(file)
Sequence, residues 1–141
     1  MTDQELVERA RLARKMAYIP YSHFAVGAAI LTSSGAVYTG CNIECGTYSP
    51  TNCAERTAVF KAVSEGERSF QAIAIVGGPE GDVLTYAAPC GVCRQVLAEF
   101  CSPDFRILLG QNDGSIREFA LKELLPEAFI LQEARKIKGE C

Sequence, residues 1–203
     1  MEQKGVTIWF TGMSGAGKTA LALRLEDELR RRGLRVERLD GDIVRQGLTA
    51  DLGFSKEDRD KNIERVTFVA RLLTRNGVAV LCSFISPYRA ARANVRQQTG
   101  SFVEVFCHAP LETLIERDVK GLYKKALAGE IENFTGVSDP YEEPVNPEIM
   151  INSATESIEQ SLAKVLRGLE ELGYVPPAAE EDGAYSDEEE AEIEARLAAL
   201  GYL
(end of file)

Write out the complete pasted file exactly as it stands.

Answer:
Sequence, residues 1–141
     1  MTDQELVERA RLARKMAYIP YSHFAVGAAI LTSSGAVYTG CNIECGTYSP
    51  TNCAERTAVF KAVSEGERSF QAIAIVGGPE GDVLTYAAPC GVCRQVLAEF
   101  CSPDFRILLG QNDGSIREFA LKELLPEAFI LQEARKIKGE C

Sequence, residues 1–203
     1  MEQKGVTIWF TGMSGAGKTA LALRLEDELR RRGLRVERLD GDIVRQGLTA
    51  DLGFSKEDRD KNIERVTFVA RLLTRNGVAV LCSFISPYRA ARANVRQQTG
   101  SFVEVFCHAP LETLIERDVK GLYKKALAGE IENFTGVSDP YEEPVNPEIM
   151  INSATESIEQ SLAKVLRGLE ELGYVPPAAE EDGAYSDEEE AEIEARLAAL
   201  GYL